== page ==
This article needs additional citations for verification. (October 2013) (Learn how and when to remove this template message)
|Alternative names||Soda powder|
|Main ingredients||Sugar, flavouring, edible acid and base|
The word "sherbet" is from Turkish şerbet, which is from Persian شربت, which in turn comes from "sharbat", Arabic شَرْبَة sharbah, a drink, from "shariba" to drink. Also called "sorbet", which comes from French "sorbet", from Italian "sorbetto" and in turn from Turkish "şerbet". The word is cognate to syrup in English. Historically it was a cool effervescent or iced fruit soft drink. The meaning, spelling and pronunciation have fractured between different countries. It is usually spelled "sherbet", but a common south of England pronunciation, using the intrusive 'r' changes this to "sherbert".
Beginning with the 19th century sherbet powder (soda powder) became popular. "Put a spoonful of the powder in a cup of water, mix it and drink it as soon as possible, during the time of sparkling. ... Because this way the most of acid of air is lost ... it is more practicable to put the powder into the mouth and flush it with some water." 2 g of sodium bicarbonate and 1.5 g of tartaric acid were separately packed in little coloured paper bags.[clarification needed]
Sherbet used to be stirred into various beverages to make effervescing drinks, in a similar way to making lemonade from lemonade powders, before canned carbonated drinks became ubiquitous. Sherbet is now used to mean this powder sold as a sweet. (In the United States, it would be somewhat comparable to the powder in Pixy Stix or Fun Dip, though having the fizzy quality of effervescing candy, such as Pop Rocks.)
Sherbet in the United Kingdom and other Commonwealth countries is a fizzy powder, containing sugar and flavouring, and an edible acid and base. The acid may be tartaric, citric or malic acid, and the base may be sodium bicarbonate, sodium carbonate, magnesium carbonate, or a mixture of these and/or other similar carbonates . To this is added a large amount of sugar to mask the unappetising flavour of the reactive powders, icing sugar, and fruit or cream soda flavouring.The acid-carbonate reaction occurs upon presence of moisture (juice/saliva), becoming "fizzy".
This section needs additional citations for verification. (December 2018) (Learn how and when to remove this template message)
Sherbet can be sold by itself or used as a decorative agent on other sweets. The measured qualities of sherbet include granularity, colour, "zing" (acidity) and flavouring (normally a citrus fruit).
Barratt's "Sherbet Fountain" consists of sherbet and a stick made from liquorice, and has been sold since 1925. The original concept of the Sherbert Fountain was sold to Barratt’s by Henry Edward Brunt and was rebranded under their name. In 2009 a plastic tube with twist-off lid replaced the traditional paper packaging with the liquorice stick poking through the end, much to the fury of the traditionalist Daily Mail newspaper.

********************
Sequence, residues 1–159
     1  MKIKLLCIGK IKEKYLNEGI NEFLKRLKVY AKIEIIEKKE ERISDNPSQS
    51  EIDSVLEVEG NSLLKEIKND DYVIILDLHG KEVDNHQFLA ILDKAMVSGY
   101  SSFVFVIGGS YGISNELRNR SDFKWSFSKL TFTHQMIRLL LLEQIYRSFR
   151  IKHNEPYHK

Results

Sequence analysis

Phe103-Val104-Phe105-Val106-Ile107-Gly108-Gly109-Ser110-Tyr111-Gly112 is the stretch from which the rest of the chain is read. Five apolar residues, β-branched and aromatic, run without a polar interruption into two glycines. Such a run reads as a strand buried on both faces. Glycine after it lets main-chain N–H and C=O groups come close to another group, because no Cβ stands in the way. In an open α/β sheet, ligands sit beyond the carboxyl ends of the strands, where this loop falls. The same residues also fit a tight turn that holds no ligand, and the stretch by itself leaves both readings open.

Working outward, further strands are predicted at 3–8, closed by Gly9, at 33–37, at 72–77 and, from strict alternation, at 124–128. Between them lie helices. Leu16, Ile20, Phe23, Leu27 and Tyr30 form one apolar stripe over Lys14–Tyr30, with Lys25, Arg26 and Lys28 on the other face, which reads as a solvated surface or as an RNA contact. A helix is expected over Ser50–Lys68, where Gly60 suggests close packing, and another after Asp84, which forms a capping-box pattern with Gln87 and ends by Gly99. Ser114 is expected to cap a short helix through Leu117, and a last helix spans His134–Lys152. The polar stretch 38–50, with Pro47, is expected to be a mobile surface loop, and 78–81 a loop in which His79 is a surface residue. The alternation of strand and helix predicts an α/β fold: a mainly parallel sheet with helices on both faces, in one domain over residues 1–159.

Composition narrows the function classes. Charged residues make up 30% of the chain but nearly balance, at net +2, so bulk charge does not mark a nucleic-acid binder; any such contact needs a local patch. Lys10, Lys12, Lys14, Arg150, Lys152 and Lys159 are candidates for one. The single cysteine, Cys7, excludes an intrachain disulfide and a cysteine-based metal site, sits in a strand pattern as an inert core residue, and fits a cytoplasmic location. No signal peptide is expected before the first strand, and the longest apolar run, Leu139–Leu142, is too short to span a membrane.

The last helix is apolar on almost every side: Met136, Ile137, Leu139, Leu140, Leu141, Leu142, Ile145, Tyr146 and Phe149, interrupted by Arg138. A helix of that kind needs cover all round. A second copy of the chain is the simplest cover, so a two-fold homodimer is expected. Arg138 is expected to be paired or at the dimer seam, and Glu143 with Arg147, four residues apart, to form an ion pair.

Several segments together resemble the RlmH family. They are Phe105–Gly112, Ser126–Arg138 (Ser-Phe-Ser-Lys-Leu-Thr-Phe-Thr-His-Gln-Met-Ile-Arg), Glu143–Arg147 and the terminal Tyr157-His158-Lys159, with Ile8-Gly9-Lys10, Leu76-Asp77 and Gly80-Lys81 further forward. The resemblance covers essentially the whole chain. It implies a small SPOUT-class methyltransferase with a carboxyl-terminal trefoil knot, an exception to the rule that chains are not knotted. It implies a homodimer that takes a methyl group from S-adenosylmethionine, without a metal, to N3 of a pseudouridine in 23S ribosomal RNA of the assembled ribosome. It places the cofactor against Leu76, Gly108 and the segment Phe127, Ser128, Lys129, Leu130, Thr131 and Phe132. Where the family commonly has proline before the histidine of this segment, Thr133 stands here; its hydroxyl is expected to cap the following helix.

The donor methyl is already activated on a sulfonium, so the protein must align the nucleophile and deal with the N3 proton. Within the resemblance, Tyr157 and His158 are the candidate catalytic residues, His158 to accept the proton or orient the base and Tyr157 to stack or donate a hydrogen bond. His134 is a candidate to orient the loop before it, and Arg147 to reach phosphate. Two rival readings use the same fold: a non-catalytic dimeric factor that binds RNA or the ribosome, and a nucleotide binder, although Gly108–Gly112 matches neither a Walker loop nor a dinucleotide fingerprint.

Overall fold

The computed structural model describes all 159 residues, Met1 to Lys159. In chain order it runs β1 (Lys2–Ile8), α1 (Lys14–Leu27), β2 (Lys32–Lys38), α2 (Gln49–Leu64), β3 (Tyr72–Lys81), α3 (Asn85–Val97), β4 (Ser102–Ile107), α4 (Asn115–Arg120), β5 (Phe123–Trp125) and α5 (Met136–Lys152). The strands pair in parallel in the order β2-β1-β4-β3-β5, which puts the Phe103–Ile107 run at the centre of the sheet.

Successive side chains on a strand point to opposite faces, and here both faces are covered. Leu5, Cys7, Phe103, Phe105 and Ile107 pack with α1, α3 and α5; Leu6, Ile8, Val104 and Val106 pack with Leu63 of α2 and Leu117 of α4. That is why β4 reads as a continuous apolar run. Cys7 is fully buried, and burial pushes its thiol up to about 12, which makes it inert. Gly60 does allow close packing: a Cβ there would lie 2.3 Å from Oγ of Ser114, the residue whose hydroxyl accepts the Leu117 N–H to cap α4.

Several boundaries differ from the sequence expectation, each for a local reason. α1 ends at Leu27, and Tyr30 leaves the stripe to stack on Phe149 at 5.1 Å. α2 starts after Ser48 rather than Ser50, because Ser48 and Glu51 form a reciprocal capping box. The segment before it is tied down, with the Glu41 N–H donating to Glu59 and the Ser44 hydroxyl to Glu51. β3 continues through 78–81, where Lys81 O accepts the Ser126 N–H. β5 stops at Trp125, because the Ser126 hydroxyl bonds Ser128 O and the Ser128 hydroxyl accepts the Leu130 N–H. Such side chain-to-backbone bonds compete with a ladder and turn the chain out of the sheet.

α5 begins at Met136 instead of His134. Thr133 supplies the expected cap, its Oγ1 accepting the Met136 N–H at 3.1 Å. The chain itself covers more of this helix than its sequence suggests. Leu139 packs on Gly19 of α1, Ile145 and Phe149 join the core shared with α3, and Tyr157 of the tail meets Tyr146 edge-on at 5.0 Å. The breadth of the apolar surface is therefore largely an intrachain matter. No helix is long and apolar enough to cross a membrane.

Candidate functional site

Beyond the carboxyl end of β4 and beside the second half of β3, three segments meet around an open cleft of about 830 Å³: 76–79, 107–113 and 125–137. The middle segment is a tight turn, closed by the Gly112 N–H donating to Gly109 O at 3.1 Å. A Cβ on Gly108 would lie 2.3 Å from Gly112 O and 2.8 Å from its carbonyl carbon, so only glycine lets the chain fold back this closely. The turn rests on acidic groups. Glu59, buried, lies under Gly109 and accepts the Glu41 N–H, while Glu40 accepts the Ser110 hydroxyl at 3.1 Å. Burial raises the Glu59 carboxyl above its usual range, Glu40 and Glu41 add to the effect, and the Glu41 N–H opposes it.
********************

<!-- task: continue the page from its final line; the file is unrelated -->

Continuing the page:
In the traditional paper packaging, the top of the stick was intended to be bitten off to form a straw and the sherbet sucked through it, where it fizzes and dissolves on the tongue. The "new" format only includes a solid liquorice stick, so the sherbet must be licked off that, or eaten directly. This method of consumption was also considered acceptable with the original packaging. This is advertised on the packet as "Sherbet with a liquorice dip".
Fruit flavoured with lollipopEdit
Sherbet dips or Sherbet Dabs are also popular, such as the Dip Dab by Barratt. They consist of a small packet of sherbet, with a lollipop sealed into the bag. Once the lollipop has been licked, it can be dipped into the sherbet and then sucked clean, alternatively it can simply be used to shovel the sherbet into the mouth.
Flying saucers are small dimpled discs of edible coloured paper (rice paper), typically filled with white unflavoured sherbet (the same form as in Sherbet Fountains). The first flying saucers were produced in the 1950s.
Sherbet has been used in parts of both the UK and Australia as slang for an alcoholic drink, especially beer. This use is noted in a slang dictionary as early as 1890, and still appears in list of slang terms written today (especially lists of Australian slang). "We're heading to the pub for a few sherbets." – … pints of beer."
- Brausepulver in Meyers Konversations-Lexikon (1895)
- Anne Shooter (30 April 2009). "A makeover for sherbet fountains? They're messing with our heritage". Daily Mail. London. Retrieved 3 February 2011.
- Williamson, Laura (28 April 2009). "Killjoys take the fun out of the Sherbet Fountain to make it more 'hygienic'". Daily Mail. London.
- Simon Bowers (18 January 2008). "Cadbury sells Barratt's Sherbet Fountain firm for £58m". The Guardian. Retrieved 20 May 2013.
- "Zure ouwel". www.streekproduct.be (in Dutch). Retrieved 2 November 2018.
- "Sherbet". dictionary.com. n.d. Retrieved 20 May 2014.
|Look up sherbet in Wiktionary, the free dictionary.|
- Of the Street Sale of Ginger-Beer, Sherbet, Lemonade,&C., from London Labour and the London Poor, Volume 1, Henry Mayhew, 1851; subsequent pages cover the costs and income of street sherbet sellers.
- Tangerine Confectionery homepage
- Instructions to make sherbet